ASUS P8P67 WS Revolution B3 Motherboard Review
The ASUS P8P67 WS Revolution is the third ASUS P67 motherboard reviewed to date. ASUS has done a great job in rolling out features such as dedicated Intel Ethernet LAN connections, USB 3.0, Marvell SATA III 6.0gbs controllers, and their digital VRM solutions out across their line. The WS line of ASUS boards is well known as being very suitable for multi-GPU and multi- add-in card capable. Often the WS line uses NVIDIA NF200 chips to give the motherboard additional PCIe lanes. The P8P67 WS Revolution is no exception as it offers up to four PCIe x8 electrical (x16 physical) PCIe slots. Overall, the P8P67 WS Revolution is one of the most full featured workstation or prosumer boards out there with attention to power users coming to the forefront even with NIC selection (the WS Revolution even includes one Intel 82574L based NIC.)
This is a very similar test configuration as compared to the ASUS P67 Sabertooth test bed previously reviewed. The actual components were the same makes and models, just different physical samples. Major differences were in the add-in card department because I wanted to test the additional PCIe slots.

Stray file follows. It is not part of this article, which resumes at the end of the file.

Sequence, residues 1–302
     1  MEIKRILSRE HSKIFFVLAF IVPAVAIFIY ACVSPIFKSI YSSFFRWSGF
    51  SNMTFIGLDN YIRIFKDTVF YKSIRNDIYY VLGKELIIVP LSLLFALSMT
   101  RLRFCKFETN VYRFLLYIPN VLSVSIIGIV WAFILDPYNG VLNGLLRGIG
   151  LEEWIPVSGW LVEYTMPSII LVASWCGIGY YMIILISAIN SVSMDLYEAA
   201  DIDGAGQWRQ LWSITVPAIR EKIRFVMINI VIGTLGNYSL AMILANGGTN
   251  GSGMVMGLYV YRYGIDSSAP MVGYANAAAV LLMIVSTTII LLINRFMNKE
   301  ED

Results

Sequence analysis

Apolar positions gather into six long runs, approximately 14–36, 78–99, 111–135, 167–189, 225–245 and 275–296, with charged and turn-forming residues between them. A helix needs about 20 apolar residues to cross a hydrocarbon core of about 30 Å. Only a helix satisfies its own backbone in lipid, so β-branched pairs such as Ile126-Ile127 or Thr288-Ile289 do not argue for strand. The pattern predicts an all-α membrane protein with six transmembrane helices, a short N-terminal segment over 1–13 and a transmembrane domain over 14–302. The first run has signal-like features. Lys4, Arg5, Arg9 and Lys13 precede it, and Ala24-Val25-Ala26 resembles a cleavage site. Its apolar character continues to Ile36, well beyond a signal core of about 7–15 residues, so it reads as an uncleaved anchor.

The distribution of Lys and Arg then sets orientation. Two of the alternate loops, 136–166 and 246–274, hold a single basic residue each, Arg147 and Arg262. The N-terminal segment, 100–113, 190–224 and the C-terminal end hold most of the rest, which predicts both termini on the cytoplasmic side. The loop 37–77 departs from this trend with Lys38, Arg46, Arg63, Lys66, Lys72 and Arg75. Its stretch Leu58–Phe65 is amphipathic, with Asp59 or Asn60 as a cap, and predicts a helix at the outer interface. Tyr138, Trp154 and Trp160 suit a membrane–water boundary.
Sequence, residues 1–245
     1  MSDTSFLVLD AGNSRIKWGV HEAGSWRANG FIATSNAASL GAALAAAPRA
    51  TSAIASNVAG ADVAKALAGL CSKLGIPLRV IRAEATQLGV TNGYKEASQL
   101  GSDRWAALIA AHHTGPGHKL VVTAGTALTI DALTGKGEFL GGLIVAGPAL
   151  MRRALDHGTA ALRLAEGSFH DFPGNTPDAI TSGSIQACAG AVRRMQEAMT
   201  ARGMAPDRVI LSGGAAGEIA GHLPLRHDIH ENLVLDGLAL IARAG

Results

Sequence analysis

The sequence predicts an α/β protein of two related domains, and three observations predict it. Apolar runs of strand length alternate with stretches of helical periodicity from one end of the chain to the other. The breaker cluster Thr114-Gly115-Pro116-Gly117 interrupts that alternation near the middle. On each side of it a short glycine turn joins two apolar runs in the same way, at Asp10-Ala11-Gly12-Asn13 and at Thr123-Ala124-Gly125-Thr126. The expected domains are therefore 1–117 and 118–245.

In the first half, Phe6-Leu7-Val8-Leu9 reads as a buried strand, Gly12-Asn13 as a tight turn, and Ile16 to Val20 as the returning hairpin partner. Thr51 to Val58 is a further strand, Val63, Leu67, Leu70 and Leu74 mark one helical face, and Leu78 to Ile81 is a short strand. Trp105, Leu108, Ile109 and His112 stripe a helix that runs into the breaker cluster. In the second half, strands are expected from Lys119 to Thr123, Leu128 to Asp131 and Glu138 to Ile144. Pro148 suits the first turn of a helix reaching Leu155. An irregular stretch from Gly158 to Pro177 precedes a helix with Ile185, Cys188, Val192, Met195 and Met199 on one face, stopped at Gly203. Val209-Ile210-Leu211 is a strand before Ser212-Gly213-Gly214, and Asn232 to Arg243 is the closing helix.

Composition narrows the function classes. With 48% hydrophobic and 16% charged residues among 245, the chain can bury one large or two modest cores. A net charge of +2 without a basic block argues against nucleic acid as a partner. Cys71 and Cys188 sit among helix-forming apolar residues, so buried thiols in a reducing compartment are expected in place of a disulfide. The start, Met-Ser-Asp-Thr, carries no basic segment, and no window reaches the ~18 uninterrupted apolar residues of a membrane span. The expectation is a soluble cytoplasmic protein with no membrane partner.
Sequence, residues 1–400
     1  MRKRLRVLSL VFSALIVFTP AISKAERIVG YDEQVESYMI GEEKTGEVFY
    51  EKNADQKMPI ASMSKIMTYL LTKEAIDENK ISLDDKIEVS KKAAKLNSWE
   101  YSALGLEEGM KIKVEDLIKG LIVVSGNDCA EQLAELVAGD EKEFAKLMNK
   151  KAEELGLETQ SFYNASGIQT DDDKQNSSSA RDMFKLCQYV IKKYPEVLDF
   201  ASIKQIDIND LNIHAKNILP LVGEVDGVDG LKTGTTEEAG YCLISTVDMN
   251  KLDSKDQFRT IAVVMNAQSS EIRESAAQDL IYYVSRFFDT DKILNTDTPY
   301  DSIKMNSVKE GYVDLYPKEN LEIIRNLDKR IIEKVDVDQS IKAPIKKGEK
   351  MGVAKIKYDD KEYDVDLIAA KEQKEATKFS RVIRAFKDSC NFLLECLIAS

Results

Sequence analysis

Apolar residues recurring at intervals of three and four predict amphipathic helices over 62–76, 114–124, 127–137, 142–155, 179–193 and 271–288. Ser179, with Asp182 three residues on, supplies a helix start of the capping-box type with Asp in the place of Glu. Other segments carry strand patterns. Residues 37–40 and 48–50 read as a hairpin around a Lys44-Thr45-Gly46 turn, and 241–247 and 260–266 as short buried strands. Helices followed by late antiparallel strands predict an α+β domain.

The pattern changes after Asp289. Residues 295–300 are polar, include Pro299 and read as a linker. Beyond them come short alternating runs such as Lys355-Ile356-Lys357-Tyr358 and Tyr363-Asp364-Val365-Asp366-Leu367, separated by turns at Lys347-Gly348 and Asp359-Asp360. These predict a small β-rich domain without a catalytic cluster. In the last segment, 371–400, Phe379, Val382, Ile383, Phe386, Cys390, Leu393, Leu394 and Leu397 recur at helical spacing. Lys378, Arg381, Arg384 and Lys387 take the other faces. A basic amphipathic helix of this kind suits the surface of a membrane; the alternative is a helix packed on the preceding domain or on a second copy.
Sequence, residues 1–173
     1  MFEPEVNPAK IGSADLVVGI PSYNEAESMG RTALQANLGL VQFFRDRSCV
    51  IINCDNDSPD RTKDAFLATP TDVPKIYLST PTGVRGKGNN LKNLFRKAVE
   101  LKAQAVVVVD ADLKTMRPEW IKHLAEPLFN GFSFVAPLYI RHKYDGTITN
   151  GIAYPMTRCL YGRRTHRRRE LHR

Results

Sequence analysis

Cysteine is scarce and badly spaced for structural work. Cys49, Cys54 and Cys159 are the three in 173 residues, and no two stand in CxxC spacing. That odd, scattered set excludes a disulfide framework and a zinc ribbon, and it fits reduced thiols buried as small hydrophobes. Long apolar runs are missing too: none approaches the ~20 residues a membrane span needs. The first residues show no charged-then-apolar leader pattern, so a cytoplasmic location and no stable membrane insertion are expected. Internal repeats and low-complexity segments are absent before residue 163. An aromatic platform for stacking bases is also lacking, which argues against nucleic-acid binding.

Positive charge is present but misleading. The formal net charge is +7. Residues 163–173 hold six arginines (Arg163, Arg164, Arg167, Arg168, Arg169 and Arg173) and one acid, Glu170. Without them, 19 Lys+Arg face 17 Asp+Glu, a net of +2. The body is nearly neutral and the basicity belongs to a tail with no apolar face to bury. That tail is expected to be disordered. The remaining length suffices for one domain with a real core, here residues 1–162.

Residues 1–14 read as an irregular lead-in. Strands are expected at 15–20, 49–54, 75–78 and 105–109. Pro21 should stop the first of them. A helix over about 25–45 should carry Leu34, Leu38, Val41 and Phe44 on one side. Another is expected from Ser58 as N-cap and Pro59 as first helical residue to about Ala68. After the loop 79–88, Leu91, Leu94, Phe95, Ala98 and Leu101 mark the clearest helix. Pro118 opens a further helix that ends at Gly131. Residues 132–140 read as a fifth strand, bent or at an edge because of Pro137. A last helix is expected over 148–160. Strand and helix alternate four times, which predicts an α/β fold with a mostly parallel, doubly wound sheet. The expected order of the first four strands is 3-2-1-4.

- CPU: Intel Core i7-2600K
- Motherboard: ASUS P8P67 WS Revolution
- Cooling: Corsair H50
- Memory: 2x Corsair Vengeance 1600MHz C9 4GB DIMMs
- OS Drive: Corsair Performance 3 Series P3-128 120GB SSD
- GPUs: 2x EVGA GTS 450
- Add-in cards: LSI 9211-8i SAS/SATA controller, Intel EXPX9501AT 10 Gigabit Ethernet adapter
- Enclosure: Antec Nine Hundred
- Power Supply: Seasonic X750, 750w power supply
The ASUS P8P67 WS Revolution has stylized component heat sinks that look fairly modern with a matte aluminum/ silver finish. I will say that with the black PCB, and gray PCIe slots, the board does look aesthetically pleasing with a grayscale and blue color scheme.